However, no decision is automatic, for “despite th[e] deferential standard
[for review of claims], it is imperative that th[is] Court scrutinize the record in its
entirety to determine the reasonableness of the decision reached.” Bridges v.
Bowen, 815 F.2d 622, 624 (11th Cir. 1987) (citing Arnold v. Heckler, 732 F.2d 881,
883 (11th Cir. 1984)). Moreover, failure to apply the correct legal standards is
grounds for reversal. See Bowen v. Heckler, 748 F.2d 629, 635 (11th Cir. 1984).
Ms. Teague alleges that the ALJ’s decision should be reversed and
remanded because the ALJ erred in giving little weight to the opinion of the onetime consultative examiner. (Doc. 11 at 6.) As a corollary to that argument, she also
argues that the ALJ failed to fully develop the record by failing to re-contact the
consultative examiner for clarification of his opinion. (Doc. 11 at 8.) The plaintiff
also argues in passing that the ALJ’s hypothetical posed to the vocational expert
was incomplete, so that argument will be addressed as well.
A. Medical Opinion Evidence
Plaintiff contends that the ALJ improperly rejected Dr. Haney’s
psychological consultative examination. (Doc. 11 at 9.) Dr. Haney performed a onetime clinical interview with Ms. Teague on June 21, 2011. (Tr. at 256-57.) Dr.
Haney recorded Ms. Teague’s reported physical problems, including: “ruptured
discs in her neck, other bulging discs, arthritis, asthma, migraine headaches, carpal
tunnel, depression, panic attacks, and back pain.” (Tr. at 256.) Dr. Haney further
noted that Ms. Teague exhibited non-psychotic symptoms, but that she did admit
to feeling depressed, which she attributed to her physical problems and financial
stress. (Id.) Dr. Haney found that Ms. Teague mostly stays home, does light
household chores, and watches television. (Tr. at 257.) Dr. Haney concluded that
Ms. Teague’s “ability to function in most jobs appeared moderately to severely
impaired due to physical, emotional[,] and vocational limitations.” (Id.) The ALJ
rejected Dr. Haney’s conclusion regarding Ms. Teague’s ability to function in most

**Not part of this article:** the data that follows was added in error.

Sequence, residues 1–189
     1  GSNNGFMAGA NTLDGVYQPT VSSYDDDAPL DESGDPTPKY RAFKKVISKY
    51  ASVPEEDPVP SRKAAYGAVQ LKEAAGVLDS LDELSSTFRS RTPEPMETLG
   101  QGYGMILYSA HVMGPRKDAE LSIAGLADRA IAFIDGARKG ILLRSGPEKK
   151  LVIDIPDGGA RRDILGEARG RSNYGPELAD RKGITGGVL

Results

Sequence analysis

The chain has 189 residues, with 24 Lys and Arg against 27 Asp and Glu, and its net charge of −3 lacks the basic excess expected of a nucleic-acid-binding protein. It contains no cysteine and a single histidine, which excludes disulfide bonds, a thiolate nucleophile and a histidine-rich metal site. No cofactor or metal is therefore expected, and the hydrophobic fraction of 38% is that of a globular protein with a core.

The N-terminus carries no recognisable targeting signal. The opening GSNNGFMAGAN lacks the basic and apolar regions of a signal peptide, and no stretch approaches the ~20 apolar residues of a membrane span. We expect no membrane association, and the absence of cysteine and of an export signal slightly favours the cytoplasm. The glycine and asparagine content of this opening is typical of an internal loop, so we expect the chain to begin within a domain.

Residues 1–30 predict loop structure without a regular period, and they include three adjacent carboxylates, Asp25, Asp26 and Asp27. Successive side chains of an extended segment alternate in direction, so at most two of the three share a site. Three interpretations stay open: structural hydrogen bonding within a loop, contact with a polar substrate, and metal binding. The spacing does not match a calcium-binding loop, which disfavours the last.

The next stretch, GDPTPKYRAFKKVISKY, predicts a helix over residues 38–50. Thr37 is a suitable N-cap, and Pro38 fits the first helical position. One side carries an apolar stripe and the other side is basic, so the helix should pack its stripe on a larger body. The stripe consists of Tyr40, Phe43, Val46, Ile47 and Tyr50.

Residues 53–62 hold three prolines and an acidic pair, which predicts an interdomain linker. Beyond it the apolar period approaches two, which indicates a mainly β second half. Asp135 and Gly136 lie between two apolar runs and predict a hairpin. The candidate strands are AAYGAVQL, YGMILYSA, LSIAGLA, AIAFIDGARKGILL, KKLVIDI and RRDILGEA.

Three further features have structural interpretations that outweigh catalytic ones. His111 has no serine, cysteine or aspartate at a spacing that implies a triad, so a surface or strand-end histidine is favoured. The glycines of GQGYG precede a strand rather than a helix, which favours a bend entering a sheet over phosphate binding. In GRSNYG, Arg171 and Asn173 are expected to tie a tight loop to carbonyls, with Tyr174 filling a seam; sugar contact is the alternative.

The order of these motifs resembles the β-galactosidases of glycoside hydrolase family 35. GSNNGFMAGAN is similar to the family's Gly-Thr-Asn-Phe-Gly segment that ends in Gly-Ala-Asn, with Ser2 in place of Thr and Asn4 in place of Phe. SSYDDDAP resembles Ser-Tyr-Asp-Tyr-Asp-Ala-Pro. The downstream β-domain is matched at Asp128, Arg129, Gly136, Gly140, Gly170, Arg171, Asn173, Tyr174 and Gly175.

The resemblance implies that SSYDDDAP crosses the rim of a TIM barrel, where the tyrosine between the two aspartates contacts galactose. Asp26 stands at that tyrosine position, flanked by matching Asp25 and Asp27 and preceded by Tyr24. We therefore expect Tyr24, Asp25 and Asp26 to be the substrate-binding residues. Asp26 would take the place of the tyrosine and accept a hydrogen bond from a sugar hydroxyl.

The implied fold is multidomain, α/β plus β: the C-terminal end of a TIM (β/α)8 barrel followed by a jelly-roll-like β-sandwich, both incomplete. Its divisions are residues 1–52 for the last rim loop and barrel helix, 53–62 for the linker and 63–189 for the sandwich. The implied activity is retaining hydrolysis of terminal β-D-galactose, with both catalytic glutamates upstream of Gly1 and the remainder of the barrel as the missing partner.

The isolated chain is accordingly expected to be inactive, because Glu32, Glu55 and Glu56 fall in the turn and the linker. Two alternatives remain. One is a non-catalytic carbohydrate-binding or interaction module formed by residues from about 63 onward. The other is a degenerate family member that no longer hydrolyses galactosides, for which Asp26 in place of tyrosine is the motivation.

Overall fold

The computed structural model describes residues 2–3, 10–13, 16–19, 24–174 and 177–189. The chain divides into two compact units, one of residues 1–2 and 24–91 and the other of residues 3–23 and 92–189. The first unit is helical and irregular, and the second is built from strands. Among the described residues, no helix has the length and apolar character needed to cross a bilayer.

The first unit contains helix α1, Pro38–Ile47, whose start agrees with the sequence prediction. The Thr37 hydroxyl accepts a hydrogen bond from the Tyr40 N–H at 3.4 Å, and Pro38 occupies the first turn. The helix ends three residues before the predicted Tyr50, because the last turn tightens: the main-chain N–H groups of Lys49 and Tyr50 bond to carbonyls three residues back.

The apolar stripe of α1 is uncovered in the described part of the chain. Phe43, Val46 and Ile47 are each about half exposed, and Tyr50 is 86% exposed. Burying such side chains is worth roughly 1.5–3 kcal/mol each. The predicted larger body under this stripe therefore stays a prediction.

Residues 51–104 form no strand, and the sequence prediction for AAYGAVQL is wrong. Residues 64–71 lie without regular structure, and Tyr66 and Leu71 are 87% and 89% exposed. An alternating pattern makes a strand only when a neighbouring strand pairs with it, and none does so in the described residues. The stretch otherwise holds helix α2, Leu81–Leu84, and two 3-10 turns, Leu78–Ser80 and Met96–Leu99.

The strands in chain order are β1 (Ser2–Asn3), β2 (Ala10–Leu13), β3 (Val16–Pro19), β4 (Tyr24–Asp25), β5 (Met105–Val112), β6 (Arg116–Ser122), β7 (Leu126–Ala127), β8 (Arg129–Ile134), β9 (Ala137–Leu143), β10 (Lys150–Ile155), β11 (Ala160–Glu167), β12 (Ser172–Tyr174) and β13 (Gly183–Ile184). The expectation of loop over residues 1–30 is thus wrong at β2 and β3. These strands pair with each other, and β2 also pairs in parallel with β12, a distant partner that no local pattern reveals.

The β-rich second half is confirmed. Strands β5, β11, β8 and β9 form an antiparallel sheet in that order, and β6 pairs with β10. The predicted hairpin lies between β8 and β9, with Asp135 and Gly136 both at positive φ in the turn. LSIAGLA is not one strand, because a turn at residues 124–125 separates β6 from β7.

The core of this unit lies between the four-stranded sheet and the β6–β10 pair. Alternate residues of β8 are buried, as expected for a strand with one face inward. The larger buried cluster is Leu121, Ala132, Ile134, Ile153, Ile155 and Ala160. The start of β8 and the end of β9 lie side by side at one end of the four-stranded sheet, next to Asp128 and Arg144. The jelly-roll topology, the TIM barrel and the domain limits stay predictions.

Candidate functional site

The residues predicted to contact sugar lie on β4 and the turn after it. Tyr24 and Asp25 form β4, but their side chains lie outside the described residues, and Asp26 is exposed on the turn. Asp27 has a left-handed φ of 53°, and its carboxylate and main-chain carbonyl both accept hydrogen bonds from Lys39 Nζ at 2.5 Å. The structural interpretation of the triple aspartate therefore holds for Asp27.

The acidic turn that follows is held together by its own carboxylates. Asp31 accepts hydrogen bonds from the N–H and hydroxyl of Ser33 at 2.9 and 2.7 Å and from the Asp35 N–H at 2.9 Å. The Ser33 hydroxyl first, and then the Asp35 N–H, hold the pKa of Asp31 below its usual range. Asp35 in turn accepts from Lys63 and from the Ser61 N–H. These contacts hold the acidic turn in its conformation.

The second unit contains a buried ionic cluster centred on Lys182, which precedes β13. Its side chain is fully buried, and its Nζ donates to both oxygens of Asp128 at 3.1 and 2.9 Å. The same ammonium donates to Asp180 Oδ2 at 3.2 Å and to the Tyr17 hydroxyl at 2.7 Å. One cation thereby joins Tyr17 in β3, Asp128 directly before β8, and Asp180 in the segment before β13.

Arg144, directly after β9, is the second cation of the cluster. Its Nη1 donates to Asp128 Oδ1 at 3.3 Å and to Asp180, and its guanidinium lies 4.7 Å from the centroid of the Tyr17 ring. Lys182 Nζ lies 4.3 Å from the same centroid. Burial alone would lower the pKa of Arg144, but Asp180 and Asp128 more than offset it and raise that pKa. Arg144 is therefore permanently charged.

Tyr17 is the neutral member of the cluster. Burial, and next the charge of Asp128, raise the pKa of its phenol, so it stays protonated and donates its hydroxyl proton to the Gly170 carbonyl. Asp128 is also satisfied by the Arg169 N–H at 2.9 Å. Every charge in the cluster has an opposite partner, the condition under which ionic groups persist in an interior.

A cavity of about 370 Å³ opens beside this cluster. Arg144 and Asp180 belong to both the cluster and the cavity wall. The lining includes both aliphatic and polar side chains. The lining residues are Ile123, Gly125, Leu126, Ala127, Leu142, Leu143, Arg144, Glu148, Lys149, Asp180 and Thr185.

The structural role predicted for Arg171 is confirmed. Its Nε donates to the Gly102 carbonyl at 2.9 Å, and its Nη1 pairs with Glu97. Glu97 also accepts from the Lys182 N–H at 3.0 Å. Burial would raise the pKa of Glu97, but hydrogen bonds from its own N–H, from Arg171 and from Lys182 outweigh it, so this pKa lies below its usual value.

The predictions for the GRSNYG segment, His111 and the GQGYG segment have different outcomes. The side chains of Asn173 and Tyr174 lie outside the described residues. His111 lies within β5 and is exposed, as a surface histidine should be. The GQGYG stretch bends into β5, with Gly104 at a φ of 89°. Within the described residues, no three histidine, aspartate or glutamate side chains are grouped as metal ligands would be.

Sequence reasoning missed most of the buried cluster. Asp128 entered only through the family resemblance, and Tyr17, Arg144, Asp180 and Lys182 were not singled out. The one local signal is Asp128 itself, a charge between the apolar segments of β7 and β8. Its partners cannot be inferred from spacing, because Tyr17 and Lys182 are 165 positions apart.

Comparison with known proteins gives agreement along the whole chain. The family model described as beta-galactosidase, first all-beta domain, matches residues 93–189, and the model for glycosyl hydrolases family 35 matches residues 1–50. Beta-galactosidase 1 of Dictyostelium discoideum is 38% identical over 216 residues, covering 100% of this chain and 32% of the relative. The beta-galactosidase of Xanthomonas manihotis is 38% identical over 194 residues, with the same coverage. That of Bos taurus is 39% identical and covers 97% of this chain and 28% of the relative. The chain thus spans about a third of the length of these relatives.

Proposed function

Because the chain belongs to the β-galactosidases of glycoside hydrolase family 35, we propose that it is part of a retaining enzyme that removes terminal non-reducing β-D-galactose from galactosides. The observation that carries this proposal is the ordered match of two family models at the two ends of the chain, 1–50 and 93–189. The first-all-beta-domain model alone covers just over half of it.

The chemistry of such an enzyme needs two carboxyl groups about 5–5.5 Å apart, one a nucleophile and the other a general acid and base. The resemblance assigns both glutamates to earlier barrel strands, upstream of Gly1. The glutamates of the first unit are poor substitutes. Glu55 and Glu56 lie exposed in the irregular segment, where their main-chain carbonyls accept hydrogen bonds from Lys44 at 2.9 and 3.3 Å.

jobs and instead considered the assessments of other physicians as well as Dr.
Haney’s assessment to conclude that there were jobs that exist in significant
numbers in the national economy that Ms. Teague can perform. (Tr. at 25-27.)
Consultative opinions from non-treating physicians, such as the opinion
given by Dr. Haney, are not entitled to the same controlling weight accorded to
treating source opinions. See 20 C.F.R. §416.927(c)(2); Wilson v. Heckler, 734
F.2d, 513, 518 (11th Cir. 1984). Instead, the ALJ weighs non-controlling medical
opinions in light of: (1) the length and frequency of the treatment or examination,
(2) the nature and extent of the relationship, (3) the supportability of the opinion,
(4) the consistency of the opinion with the record as a whole, and (5) the
specialization of the source. See 20 C.F.R. § 416.927(c). “[T]he ALJ is free to
reject the opinion of any physician when the evidence supports a contrary
conclusion.” Syrock v. Heckler, 764 F. 2d 834, 835 (11th Cir. 1985). The application
of the above factors may result in the ALJ according the greatest weight to the
opinion of a non-examining source. Wilkinson v. Comm’r of Soc. Sec., 289 F. App’x
384, 386 (11th Cir. 2008) (finding ALJ properly accorded greater weight to nonexamining state agency physician where the examining physician’s opinion was not
supported by the evidence).
There is substantial evidence in the record as a whole to support the ALJ’s
use of the above factors to discredit Dr. Haney’s opinion. First, Dr. Haney is a
psychologist, and the ALJ correctly found that he had no basis, justification, or
expertise in evaluating Ms. Teague’s physical or vocational limitations. (Tr. at 25.)
A specialist’s opinion about medical issues is given weight when the opinion and